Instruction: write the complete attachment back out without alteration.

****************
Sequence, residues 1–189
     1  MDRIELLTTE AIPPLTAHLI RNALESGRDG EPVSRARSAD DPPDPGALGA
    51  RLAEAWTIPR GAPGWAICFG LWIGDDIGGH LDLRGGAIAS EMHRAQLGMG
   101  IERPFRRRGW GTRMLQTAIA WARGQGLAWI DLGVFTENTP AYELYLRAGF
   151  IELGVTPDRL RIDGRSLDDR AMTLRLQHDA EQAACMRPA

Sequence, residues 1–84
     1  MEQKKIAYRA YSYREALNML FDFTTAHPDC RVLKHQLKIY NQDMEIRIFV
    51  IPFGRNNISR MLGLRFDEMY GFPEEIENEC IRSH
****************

Sequence, residues 1–189
     1  MDRIELLTTE AIPPLTAHLI RNALESGRDG EPVSRARSAD DPPDPGALGA
    51  RLAEAWTIPR GAPGWAICFG LWIGDDIGGH LDLRGGAIAS EMHRAQLGMG
   101  IERPFRRRGW GTRMLQTAIA WARGQGLAWI DLGVFTENTP AYELYLRAGF
   151  IELGVTPDRL RIDGRSLDDR AMTLRLQHDA EQAACMRPA

Sequence, residues 1–84
     1  MEQKKIAYRA YSYREALNML FDFTTAHPDC RVLKHQLKIY NQDMEIRIFV
    51  IPFGRNNISR MLGLRFDEMY GFPEEIENEC IRSH